MALLIKA MAKKAR/THE VARSITY

When Meric Gertler began his term as the sixteenth president of the University of Toronto in November 2013, he referenced the need to strengthen and deepen international partnerships as one of the main priorities of the university. The need to enhance research links between Canadian and foreign education institutions was also sighted as a target of the new International Education Strategy launched by the Harper government in early 2014.

Despite concerted efforts to encourage more students to spend time overseas, it is relatively uncommon for U of T students to study abroad.

Five hundred and eighty-nine U of T students will participate in the Centre for International Experience (CIE)’s Student Exchange Program during the 2014–2015 academic year. This figure, which draws from students at both the St. George and Mississauga campuses, represents a 20 per cent increase from the 2012–2013 academic year. However, it remains a very small percentage of the 42,686 students at St. George and the 12,741 students at UTM.

Many students interviewed cited the perceived cost of studying abroad, including travel costs and the possibility of higher living expenses, as reasons for not studying abroad. Other students cited commitments to student groups on campus.

Still, many students are simply unaware of overseas study opportunities.

In the past, the CIE has undertaken efforts to enhance its outreach and inform students about the university’s exchange programs, as well as the scholarships and bursaries offered by various U of T offices for study abroad.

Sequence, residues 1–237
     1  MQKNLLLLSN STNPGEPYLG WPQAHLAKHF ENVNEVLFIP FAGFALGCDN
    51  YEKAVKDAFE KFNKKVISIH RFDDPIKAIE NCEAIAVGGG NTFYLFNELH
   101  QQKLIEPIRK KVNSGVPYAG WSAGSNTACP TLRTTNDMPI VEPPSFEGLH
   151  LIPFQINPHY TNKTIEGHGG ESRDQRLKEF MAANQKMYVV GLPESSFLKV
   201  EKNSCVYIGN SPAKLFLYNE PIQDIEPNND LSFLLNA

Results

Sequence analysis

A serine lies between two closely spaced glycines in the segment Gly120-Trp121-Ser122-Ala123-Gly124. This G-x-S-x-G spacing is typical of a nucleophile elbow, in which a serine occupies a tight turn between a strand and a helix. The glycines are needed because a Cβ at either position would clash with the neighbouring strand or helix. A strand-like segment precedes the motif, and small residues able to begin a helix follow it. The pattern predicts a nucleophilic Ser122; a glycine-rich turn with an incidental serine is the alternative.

The CIE is currently in the process of developing an online database that will make it easier for students to engage with international opportunities.

As for why students want to study abroad, the opportunity to travel, practice a new language, and gain international experience are frequently mentioned.

For George Garrow, a third-year human geography student, it was an easy decision. “I really like travelling,” says Garrow, who will spend the spring semester in Singapore.

Caroline Nguyen, a first-year peace, conflict, and justice student, hopes to spend a semester in Washington D.C. because she is “really interested in American politics.”

Having been born and raised in Toronto, Nguyen is looking forward to experiencing a new city and new perspectives.
The CIE offers numerous funding opportunities for students, including need-based bursaries, awards for going to specific institutions, and awards for students in specific programs.

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